Lou Dobbs Comes to Fox -- Will His New Show Feature the Same Old Hypocrisy?
Given all the recent speculation about a possible Lou Dobbs candidacy in the 2012 election, the recent news that Dobbs will instead join the Fox Business Network may strike some people as quite anticlimactic.
Starting in the new year, the former CNN host whose long-running show "Lou Dobbs Tonight" commanded more than 800,000 viewers, will be taking a job hosting a show at Rupert Murdoch's relatively unwatched business network.
On the final episode of CNN's "Lou Dobbs Tonight," exactly one year ago today, Dobbs told his audience that he was being urged by leaders to "go beyond the role at CNN and to engage in constructive problem-solving as well as to contribute positively to the great understanding of the issues of our day." The ex-TV host, who made his career bashing undocumented immigrants and their employers, said in June that he had not "ruled out" a run for Senate or the presidency in the next general election.
However, last month the Nation revealed that this longtime critic of "illegal aliens" has himself relied for years on undocumented labor for the upkeep of his estate and his show jumping horses.
Just a month after Dobbs was called to account for his hypocrisy on immigration on MSNBC's Laurence O'Donnell show and on ABC News, he now appears to be planning a return "to a business-oriented brand" associated with his earlier days at CNN, Jack Mirkinson recently commented on Huffington Post.
Indeed, this may seem a less embarrassing prospect for Dobbs than attempting to turn his tirades against the "illegals" who for years tended to his estate and horses into a political campaign. Even by the admittedly low standards enshrined in Fox programming, Dobbs's credibility as a champion of a get-tough approach to immigration may be destroyed beyond repair.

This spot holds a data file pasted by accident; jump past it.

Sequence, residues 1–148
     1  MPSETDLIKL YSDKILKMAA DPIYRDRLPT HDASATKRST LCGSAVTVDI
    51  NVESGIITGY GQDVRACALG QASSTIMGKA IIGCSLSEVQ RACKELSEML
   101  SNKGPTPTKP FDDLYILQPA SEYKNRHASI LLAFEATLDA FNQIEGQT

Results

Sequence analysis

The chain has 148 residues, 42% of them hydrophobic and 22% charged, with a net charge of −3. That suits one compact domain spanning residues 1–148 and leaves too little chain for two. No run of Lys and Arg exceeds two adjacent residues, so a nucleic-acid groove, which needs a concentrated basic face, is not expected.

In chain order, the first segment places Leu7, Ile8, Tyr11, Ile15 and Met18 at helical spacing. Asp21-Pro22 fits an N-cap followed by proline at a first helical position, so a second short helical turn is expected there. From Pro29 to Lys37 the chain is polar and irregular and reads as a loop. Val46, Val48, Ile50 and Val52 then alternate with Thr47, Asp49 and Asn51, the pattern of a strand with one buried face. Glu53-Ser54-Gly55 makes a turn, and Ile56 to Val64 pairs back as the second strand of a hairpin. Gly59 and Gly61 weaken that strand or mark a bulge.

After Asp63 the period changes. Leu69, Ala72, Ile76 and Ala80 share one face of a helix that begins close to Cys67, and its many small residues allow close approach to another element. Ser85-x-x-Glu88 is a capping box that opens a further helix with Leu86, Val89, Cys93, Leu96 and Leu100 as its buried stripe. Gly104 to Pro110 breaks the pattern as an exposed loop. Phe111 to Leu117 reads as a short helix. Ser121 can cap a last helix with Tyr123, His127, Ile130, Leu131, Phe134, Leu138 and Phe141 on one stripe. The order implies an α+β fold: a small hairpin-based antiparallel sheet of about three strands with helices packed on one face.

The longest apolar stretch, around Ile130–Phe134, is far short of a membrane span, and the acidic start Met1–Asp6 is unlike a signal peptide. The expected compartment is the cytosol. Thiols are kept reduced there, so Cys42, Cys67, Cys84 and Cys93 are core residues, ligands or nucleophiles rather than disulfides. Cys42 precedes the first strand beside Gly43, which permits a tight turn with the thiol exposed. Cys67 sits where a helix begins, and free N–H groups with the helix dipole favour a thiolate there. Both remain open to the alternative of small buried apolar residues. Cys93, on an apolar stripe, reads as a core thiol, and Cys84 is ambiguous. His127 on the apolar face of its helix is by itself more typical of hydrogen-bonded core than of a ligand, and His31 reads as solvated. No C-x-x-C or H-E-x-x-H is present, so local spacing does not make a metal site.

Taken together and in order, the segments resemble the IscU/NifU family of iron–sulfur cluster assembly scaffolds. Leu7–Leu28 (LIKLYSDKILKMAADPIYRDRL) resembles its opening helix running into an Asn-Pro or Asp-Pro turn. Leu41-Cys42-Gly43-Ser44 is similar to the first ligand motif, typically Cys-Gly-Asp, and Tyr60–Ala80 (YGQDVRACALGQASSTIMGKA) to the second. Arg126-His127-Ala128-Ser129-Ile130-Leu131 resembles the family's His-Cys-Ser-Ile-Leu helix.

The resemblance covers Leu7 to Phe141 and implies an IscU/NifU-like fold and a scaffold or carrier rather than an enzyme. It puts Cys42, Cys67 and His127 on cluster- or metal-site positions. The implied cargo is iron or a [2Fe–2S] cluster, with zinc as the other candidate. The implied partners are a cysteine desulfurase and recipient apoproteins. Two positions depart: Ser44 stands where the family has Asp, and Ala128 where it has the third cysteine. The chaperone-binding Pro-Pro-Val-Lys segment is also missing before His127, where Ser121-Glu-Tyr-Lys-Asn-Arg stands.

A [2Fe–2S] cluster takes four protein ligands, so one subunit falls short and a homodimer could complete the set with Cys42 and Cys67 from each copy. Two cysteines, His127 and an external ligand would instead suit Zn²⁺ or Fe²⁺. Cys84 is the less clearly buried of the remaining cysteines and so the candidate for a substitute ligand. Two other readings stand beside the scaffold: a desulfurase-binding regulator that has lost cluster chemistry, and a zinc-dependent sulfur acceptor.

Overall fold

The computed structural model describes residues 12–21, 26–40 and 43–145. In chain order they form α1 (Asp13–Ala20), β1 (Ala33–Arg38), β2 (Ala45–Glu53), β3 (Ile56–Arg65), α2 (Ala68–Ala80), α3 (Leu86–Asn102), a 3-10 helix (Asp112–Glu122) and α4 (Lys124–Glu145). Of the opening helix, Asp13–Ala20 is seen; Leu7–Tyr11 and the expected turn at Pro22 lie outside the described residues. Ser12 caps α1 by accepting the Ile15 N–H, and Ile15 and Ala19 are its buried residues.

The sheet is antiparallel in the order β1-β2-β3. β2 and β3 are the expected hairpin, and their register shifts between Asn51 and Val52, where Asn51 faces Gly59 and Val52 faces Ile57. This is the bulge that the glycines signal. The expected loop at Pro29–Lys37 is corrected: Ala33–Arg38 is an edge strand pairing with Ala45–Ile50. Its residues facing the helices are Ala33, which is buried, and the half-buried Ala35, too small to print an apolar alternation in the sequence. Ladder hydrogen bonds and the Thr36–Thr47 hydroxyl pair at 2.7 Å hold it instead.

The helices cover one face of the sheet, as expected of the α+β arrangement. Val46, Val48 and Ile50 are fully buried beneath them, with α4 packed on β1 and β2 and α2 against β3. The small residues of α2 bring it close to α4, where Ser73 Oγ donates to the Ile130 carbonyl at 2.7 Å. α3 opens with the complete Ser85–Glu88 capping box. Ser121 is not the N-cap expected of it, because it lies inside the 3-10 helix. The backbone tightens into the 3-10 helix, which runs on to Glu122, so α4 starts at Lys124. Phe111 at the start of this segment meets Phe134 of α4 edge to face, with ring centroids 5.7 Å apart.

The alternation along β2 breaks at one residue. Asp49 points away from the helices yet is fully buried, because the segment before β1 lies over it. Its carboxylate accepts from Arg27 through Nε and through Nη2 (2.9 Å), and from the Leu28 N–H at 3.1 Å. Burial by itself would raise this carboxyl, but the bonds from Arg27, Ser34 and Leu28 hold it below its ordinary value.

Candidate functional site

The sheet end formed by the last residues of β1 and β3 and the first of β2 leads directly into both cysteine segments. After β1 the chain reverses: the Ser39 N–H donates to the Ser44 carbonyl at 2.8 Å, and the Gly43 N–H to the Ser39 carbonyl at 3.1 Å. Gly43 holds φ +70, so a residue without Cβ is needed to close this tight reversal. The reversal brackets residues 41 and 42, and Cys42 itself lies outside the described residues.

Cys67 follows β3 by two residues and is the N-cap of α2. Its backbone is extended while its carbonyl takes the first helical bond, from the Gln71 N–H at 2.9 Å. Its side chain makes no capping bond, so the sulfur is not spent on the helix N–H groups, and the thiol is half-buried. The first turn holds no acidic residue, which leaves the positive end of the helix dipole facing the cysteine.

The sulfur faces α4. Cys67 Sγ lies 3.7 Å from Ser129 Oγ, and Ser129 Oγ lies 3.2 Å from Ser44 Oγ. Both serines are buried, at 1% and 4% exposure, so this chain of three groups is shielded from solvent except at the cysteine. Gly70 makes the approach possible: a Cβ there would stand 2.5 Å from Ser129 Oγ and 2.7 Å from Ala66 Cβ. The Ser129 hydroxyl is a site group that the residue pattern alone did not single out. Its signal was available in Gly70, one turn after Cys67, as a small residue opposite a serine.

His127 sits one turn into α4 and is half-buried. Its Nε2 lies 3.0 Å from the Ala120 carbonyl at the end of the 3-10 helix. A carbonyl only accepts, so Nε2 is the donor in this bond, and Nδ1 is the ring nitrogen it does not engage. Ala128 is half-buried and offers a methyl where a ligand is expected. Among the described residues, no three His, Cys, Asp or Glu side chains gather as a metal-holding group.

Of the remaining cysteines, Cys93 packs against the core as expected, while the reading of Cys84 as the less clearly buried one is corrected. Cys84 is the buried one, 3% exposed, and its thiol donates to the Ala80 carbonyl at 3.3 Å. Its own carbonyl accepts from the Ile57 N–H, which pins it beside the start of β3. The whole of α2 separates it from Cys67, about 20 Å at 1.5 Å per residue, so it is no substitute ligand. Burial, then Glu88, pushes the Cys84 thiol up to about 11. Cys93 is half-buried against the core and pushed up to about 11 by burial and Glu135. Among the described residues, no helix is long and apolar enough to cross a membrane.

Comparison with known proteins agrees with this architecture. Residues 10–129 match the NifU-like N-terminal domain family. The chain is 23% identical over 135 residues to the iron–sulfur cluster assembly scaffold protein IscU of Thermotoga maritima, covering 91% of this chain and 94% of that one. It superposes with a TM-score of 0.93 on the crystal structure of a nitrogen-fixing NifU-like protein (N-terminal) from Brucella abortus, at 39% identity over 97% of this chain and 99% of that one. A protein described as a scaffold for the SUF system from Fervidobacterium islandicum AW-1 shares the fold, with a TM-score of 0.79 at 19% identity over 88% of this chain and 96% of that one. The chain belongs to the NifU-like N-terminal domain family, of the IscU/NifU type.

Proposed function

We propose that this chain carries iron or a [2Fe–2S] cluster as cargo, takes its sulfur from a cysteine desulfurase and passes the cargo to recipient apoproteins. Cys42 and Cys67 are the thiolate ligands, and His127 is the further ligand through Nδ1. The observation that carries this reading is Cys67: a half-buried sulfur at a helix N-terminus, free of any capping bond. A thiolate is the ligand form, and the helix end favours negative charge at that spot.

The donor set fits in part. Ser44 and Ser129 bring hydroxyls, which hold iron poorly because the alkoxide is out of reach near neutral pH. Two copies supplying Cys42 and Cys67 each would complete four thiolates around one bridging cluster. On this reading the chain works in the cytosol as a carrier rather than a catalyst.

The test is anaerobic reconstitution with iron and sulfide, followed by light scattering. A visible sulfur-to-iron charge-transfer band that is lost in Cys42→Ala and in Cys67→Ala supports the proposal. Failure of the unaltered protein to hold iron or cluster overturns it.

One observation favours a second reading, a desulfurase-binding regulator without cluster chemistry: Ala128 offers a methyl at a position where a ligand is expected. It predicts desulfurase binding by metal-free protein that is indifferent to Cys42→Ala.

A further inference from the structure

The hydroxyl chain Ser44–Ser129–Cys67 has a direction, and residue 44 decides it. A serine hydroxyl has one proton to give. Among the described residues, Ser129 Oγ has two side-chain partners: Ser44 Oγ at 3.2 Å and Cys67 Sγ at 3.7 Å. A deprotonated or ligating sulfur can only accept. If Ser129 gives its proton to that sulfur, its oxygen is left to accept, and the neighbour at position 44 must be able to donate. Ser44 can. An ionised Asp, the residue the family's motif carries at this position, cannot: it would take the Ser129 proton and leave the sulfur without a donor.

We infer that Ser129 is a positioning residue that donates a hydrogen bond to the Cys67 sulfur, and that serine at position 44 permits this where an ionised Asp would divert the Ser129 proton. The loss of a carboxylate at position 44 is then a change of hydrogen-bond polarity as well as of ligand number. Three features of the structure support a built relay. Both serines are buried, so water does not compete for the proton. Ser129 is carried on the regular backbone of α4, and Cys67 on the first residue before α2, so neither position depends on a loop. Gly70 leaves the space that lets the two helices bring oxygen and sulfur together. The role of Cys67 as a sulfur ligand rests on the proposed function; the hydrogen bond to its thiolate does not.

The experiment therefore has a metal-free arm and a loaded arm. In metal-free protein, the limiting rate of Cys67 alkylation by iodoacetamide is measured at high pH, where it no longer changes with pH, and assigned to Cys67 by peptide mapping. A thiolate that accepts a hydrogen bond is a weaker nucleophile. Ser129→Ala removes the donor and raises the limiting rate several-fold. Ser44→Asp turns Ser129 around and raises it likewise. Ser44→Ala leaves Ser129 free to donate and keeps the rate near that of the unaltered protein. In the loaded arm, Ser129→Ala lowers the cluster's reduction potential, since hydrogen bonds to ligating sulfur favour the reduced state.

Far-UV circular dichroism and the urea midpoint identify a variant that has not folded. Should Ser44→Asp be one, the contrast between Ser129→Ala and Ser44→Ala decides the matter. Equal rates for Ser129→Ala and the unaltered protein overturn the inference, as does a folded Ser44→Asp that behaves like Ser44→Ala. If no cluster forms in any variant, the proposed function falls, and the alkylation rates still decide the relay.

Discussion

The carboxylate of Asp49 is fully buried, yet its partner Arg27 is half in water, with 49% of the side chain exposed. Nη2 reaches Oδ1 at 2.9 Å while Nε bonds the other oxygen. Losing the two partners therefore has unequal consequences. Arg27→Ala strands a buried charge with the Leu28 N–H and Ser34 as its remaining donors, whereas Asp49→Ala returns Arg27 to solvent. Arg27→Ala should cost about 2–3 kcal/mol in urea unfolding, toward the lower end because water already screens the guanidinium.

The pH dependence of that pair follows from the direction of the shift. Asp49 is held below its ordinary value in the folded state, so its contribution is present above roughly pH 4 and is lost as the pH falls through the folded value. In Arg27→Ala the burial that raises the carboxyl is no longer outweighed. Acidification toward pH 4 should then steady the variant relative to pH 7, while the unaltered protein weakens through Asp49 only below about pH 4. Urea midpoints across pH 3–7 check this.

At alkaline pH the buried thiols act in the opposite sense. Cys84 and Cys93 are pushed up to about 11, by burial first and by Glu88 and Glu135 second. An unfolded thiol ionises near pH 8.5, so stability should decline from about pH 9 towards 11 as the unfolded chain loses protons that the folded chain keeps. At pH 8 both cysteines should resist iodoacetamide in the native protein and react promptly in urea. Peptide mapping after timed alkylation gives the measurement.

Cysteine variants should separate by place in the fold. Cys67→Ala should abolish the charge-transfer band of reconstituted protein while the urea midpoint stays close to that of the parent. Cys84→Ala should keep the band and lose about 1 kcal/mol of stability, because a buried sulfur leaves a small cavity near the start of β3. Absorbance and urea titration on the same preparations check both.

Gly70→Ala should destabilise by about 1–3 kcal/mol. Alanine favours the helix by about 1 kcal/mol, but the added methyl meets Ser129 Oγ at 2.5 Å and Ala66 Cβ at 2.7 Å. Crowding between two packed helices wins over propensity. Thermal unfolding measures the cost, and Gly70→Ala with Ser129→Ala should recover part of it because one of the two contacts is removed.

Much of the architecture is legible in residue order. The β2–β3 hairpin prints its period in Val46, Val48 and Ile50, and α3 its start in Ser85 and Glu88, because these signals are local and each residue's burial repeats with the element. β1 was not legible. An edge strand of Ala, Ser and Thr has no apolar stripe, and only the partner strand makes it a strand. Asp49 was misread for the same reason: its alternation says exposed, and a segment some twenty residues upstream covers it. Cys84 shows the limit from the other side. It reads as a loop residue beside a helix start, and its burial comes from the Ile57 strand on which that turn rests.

Yet when it comes to his record on business reporting, Dobbs's hypocrisy has been no less flagrant.
On his CNN show, Dobbs was an outspoken critic of corporate outsourcing, and even created a Web site, "Exporting America," devoted to exposing individual corporations he accused of shutting down U.S. factories and moving production overseas to cut labor costs. Yet as a 2004 Columbia Journalism Review article, "The Two Faces of Lou Dobbs," documented, many of the same corporations criticized on Dobbs' "Exporting America" site were praised by Dobbs in his now-canceled exclusive investment newsletter, Lou Dobbs Money Letter. In his Money Letter, Dobbs offered paid subscribers tips on investments, typically going "out of his way to praise [the companies he recommended] as good corporate citizens," according CJR's Zachary Roth.
As Roth noted in his article, some of the companies featured in the Lou Dobbs Money Letter, under the heading "doing good business with good people," would be familiar to the people who visitied Dobbs' "Exporting America." In fact, CJC found that of the 14 companies Dobbs highlighted for investors in his newsletter in 2003-'04, eight appeared during the same timeframe on his CNN Web site as companies that outsourced jobs.
It is perhaps not surprising that Dobbs is being offered a position at the Fox Business Network. After all, being an embarrassment to the profession of journalism has never been considered an impediment to landing a job at Fox. And two of the special talents Dobbs demonstrated at CNN, fearmongering about immigrants and entertaining racist conspiracy theories about President Obama's birth certificate, may even be prerequisites to getting one's own show at Murdoch's News Corp empire.
But even so. As Media Matters, America's Voice and Lulac commented in a recent press release, "Lou Dobbs does not deserve a platform on any television network -- even one with ratings as low as Fox Business Network."